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Calling a sports watch a thing of beauty seems somewhat incongruous, and yet when you consider the Heuer Carrera—particularly the Reference 3647N—there’s really no other word to describe it.
The beauty lies in part in the clarity of the dial—clean, uncluttered, and irresistible.
The first Carreras, in the Reference 2447 family of models, were powered by the redoubtable Valjoux 72 manually-wound chronograph movement. Due to the architecture of that particular movement, the dial had an hour counter as well as running seconds and a 30 minute counter. However, the dial design of the Carrera—unlike other brands that utilized the Valjoux 72—was refreshingly simple, with a tension ring to secure the dial.
The chronograph registers were evenly spaced. Applied markers, rather than painted numerals, gave the dial a feeling of perfect harmony. Far beyond being a choice of simple aesthetics, the design choices that Jack Heuer made in creating the Carrera were meant to ensure maximum legibility when in the cockpit of a race car.
However, with the Reference 3647, Heuer eschewed the hour counter. A 45-minute counter took the place of the 30 minute counter at 6 o’clock. And the Reference 3647N, unlike its predecessors, lacked a tachymeter or decimal track on the chapter ring around the edge of the dial.
For a watch that was already unremarkably uncluttered, the Reference 3647 made it even more so. And perhaps in no other reference is that made manifest than in the Reference 3647N. The inky darkness of the dial, contrasted with the white of the numerals and markers, puts the legibility of the dial in stark relief.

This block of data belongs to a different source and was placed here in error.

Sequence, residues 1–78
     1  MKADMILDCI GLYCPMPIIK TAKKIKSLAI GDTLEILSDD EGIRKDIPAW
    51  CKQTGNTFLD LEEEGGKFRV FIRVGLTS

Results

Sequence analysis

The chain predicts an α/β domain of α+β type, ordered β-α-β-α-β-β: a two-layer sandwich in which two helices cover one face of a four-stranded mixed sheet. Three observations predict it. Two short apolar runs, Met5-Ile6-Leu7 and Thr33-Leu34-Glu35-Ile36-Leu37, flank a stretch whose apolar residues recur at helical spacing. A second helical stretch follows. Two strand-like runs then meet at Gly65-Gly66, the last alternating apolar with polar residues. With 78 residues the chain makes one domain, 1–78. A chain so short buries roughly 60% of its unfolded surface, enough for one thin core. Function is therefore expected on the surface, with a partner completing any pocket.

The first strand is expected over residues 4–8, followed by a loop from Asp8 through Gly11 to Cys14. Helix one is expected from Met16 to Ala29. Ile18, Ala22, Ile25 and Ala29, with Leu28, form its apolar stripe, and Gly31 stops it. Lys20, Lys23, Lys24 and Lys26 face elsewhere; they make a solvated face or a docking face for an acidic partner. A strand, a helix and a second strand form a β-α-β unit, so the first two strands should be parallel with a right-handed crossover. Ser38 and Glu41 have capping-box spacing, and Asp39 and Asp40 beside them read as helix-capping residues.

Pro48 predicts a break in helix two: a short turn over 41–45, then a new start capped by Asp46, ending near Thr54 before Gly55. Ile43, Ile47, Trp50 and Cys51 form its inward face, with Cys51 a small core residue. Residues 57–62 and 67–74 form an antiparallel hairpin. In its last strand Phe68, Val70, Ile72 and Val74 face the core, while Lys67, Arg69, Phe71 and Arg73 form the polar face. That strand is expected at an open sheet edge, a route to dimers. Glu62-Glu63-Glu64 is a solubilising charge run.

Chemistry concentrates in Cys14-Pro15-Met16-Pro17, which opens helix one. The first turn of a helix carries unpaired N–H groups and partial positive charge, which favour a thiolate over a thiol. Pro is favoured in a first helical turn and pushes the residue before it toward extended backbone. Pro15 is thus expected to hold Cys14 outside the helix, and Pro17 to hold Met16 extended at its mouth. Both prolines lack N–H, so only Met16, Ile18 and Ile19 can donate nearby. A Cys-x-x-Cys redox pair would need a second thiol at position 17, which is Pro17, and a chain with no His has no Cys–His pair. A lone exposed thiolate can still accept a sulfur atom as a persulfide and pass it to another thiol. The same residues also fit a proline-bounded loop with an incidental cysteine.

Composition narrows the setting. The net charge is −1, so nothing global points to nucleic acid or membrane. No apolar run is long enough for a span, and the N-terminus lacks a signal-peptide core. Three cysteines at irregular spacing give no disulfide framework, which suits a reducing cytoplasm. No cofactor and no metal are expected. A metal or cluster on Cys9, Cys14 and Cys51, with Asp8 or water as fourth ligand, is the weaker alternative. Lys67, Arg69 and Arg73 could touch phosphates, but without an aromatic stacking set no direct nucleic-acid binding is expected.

The clean lines of the dial are echoed in the sharp bevels of the lugs, manufactured by esteemed case-maker Piquerez. Though lugs of a similar sort appeared on a Seafarer in the 1940s, the silhouette is best recognized—and best executed—on the Carrera. The result is iconic, Heuer's answer to mid-century trends that translates well to modern tastes.
This Carrera we offer here is a Reference 3647N, powered by the Valjoux 92. An honest example, the case retains the sharp bevels. Patina to the luminescent elements softens the stark whiteness of the baton markers and hands. As with many vintage pieces, a few small elements can tell us a lot. In this case, the dial lacks a "T" and the movement bridge is signed "Ed Heuer & Co."- both indicators of early production and dating this example to 1963 or 1964.
For a watch designed in the 1960s, the Carrera remains a stunner, proving the brilliance of Jack’s design philosophy. A clean dial never goes out of style, and it makes the Carrera an easy watch to dress up or down. The long lugs of the case allows the watch to wear extremely well on the modern wrist, a testament to the wearability of this classic chronograph.
Stainless steel case is 35.5MM, excluding crown. Circa 1963-1964. Heuer Reference 3647N. Valjoux 92 manually wound chronograph mvoement signed Ed Heuer
Overall Condition: Stainless steel case is in superb condition, showing light signs of wear and a very careful polish at some point in the past. Black dial is in similarly excellent condition with crisp printing and a fine, even patination across the hour markers and handset. Unsigned crown.
Includes generic 19mm Beads of rice style bracelet.
Analog/Shift stands behind the authenticity of our products in perpetuity.
We back each Analog/Shift vintage timepiece with a one-year mechanical warranty from the date of purchase.
All of our watches include complementary insured shipping within the 50 states. We are happy to hand deliver your purchase in Manhattan or you may pick it up at our showroom.
Please contact us prior to purchase for additional details on shipping and payment options